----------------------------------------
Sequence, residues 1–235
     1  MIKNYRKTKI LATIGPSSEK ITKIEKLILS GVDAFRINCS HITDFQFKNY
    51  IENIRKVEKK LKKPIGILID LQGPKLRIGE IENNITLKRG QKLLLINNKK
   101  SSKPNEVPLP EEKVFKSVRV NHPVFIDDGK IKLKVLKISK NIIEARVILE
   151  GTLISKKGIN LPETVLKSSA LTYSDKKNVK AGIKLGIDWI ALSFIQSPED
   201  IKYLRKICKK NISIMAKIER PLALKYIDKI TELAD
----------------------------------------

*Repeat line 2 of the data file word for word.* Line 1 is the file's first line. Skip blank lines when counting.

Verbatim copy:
     1  MIKNYRKTKI LATIGPSSEK ITKIEKLILS GVDAFRINCS HITDFQFKNY